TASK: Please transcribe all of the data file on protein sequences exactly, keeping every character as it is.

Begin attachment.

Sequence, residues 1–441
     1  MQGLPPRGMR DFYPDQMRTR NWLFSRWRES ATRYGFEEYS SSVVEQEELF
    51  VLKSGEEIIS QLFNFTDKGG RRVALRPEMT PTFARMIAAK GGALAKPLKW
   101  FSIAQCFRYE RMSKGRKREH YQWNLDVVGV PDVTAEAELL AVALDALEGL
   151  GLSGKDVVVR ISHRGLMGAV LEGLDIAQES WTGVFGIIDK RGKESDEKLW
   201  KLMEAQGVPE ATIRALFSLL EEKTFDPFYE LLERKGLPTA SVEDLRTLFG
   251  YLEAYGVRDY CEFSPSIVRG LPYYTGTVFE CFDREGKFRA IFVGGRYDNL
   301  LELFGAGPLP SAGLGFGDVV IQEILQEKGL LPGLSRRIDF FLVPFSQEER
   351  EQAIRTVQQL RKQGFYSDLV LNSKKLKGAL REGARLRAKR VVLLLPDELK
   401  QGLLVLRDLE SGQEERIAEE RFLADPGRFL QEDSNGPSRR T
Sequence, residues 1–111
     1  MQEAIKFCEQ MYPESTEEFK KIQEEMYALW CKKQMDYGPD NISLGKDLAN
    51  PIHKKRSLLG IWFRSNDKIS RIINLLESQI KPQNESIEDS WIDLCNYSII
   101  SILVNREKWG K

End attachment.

Sequence, residues 1–441
     1  MQGLPPRGMR DFYPDQMRTR NWLFSRWRES ATRYGFEEYS SSVVEQEELF
    51  VLKSGEEIIS QLFNFTDKGG RRVALRPEMT PTFARMIAAK GGALAKPLKW
   101  FSIAQCFRYE RMSKGRKREH YQWNLDVVGV PDVTAEAELL AVALDALEGL
   151  GLSGKDVVVR ISHRGLMGAV LEGLDIAQES WTGVFGIIDK RGKESDEKLW
   201  KLMEAQGVPE ATIRALFSLL EEKTFDPFYE LLERKGLPTA SVEDLRTLFG
   251  YLEAYGVRDY CEFSPSIVRG LPYYTGTVFE CFDREGKFRA IFVGGRYDNL
   301  LELFGAGPLP SAGLGFGDVV IQEILQEKGL LPGLSRRIDF FLVPFSQEER
   351  EQAIRTVQQL RKQGFYSDLV LNSKKLKGAL REGARLRAKR VVLLLPDELK
   401  QGLLVLRDLE SGQEERIAEE RFLADPGRFL QEDSNGPSRR T
Sequence, residues 1–111
     1  MQEAIKFCEQ MYPESTEEFK KIQEEMYALW CKKQMDYGPD NISLGKDLAN
    51  PIHKKRSLLG IWFRSNDKIS RIINLLESQI KPQNESIEDS WIDLCNYSII
   101  SILVNREKWG K